- The report found that benefits of a transportation capacity expansion unfolded over several years and that the extent of the benefits were impacted by other factors including: the presence of complementary infrastructure such as water, sewer and telecommunications; local land use policy; the local economic and business climate; and, whether the expanded capacity was integrated with other public investment and development efforts.
- For every $1 million spent on urban highway or intermodal expansion, the report estimated that an average of 7.2 local, long-term jobs were created at nearby locations as a result of improved access. An additional 4.4 jobs were created outside the local area, including businesses that supplied local businesses or otherwise benefited from the increased regional economic activity.
- The report found that highway and intermodal capacity projects in urban areas created a greater number of long-term jobs than in rural areas, largely due to the more robust economic environment and greater density in urban communities.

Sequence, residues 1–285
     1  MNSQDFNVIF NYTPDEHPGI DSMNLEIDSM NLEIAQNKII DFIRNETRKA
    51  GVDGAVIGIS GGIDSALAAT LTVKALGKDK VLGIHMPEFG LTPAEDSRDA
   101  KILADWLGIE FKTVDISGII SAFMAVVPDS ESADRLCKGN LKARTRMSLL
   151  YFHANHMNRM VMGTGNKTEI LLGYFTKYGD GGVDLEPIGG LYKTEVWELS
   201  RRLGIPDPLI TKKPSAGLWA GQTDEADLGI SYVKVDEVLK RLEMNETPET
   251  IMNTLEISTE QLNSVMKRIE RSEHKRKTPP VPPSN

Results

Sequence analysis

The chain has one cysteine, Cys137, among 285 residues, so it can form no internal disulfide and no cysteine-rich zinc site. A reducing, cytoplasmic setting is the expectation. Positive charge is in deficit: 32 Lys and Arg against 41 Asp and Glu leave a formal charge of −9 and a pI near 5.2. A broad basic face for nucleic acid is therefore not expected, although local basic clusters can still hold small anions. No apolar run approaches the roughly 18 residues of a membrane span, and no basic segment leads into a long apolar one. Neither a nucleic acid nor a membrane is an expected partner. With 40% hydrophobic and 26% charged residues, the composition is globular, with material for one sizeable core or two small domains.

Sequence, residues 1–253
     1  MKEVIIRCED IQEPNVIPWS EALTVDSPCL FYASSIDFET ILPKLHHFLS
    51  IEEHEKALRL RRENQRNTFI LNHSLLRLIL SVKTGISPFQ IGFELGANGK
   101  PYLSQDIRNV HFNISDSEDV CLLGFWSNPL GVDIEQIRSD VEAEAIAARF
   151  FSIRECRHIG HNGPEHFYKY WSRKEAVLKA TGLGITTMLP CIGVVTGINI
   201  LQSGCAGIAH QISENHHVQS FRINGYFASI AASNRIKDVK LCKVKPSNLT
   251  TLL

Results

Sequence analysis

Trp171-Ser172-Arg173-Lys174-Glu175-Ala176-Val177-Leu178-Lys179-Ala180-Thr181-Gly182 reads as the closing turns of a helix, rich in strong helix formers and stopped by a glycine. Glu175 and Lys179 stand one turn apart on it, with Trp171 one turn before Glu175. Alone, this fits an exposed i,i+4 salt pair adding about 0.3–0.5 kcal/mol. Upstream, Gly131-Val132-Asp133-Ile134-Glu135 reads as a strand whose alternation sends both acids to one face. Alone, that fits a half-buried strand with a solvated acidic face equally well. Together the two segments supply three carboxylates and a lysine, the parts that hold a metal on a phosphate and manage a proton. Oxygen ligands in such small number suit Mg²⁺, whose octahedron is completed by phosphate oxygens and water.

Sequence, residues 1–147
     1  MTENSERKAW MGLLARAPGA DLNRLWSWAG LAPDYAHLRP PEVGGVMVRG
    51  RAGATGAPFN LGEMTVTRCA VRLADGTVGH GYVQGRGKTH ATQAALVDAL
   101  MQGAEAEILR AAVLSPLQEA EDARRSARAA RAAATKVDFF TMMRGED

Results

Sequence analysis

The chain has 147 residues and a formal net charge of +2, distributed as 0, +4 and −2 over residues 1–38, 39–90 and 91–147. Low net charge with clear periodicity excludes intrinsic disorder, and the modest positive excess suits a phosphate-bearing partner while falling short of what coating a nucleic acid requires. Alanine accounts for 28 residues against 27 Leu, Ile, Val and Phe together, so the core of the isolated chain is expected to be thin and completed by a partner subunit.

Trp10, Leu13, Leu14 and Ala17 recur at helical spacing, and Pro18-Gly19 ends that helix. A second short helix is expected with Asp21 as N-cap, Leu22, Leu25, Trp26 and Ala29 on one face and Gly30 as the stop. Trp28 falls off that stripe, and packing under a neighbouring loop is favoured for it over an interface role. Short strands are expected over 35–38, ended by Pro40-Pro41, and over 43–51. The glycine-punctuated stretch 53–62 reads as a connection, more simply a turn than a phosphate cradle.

The efficiency of a region’s transportation system, particularly its highways, is critical to the state’s economy. Businesses are increasingly reliant on an efficient and reliable transportation system to move products and services. A key component in business efficiency and success is the level and ease of access to customers, markets, materials and workers.
- Businesses have responded to improved communications and greater competition by moving from a push-style distribution system, which relies on low-cost movement of bulk commodities and large-scale warehousing, to a pull-style distribution system, which relies on smaller, more strategic and time-sensitive movement of goods.
- Increasingly, companies are looking at the quality of a region’s transportation system when deciding where to re-locate or expand. Regions with congested or poorly maintained roads may see businesses relocate to areas with a smoother, more efficient and more modern transportation system.
- Highway accessibility was ranked the number two site selection factor behind only the availability of skilled labor in a 2015 survey of corporate executives by Area Development Magazine.
- The Federal Highway Administration estimates that each dollar spent on road, highway and bridge improvements results in an average benefit of $5.20 in the form of reduced vehicle maintenance costs, reduced delays, reduced fuel consumption, improved safety, reduced road and bridge maintenance costs and reduced emissions as a result of improved traffic flow.